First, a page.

During the process of software testing, there are different matrix types that come into play. It is important to understand the different types and their applications.
What is a test matrix?
A test matrix is used to capture the actual quality, the effort, the plan, resources and time required to complete all phases of software testing. Using the test matrix, the software tester can write the test cases in detail to ensure that all requirements are covered.
What is a coverage matrix?
A coverage matrix is used to make sure that a piece of software has been thoroughly tested. It includes new feature testing, application coverage and code coverage.
A coverage matrix is used to trace the requirements from the client to the tests that are needed to verify whether the requirements are fulfilled. Like all other testing artefacts, a coverage matrix will vary between organisations.
A coverage matrix, also known as a traceability matrix, maps the test cases and customer requirements.
A coverage matrix helps to break down test cases per requirement, which is very helpful when requirements, test cases and results are laid out next to each other in a document.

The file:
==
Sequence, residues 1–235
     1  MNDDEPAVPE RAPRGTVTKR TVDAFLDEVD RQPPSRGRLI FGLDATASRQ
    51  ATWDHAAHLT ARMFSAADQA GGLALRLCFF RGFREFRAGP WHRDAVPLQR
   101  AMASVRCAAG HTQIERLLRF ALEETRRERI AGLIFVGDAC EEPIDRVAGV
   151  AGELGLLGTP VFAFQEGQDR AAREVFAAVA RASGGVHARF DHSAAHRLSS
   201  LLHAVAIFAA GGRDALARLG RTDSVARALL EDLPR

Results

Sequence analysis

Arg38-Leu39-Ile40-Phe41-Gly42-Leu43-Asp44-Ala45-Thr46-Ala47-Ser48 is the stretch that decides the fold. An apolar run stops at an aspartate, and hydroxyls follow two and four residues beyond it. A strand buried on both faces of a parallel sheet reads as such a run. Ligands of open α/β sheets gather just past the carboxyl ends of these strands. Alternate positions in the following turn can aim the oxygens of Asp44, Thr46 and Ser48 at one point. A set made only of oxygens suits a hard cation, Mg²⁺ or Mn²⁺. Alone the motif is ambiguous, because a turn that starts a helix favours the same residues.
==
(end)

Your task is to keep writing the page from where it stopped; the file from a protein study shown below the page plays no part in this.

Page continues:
A coverage matrix can help to answer the following questions:
- Are we testing enough?
- Are we testing too much?
- What is the level of testing coverage that our test cases achieve?
- If a deadline is looming, what is the level of coverage that we could achieve in half as many tests as we have planned?
Benefits of a coverage matrix
- Assures the quality of the test,
- It can help identify which portions of the code were modified for the update, fix or release,
- It can help to determine the paths in your software that have not been tested,
- It can prevent defects,
- It can assist in keeping time, scope and cost under control,
- It can pick up bugs in the early stages of the project life cycle,
- It can help to determine all the decision points in the software, which can assist with test coverage, and
- It can identify gaps in requirements, test cases and defects at the unit level.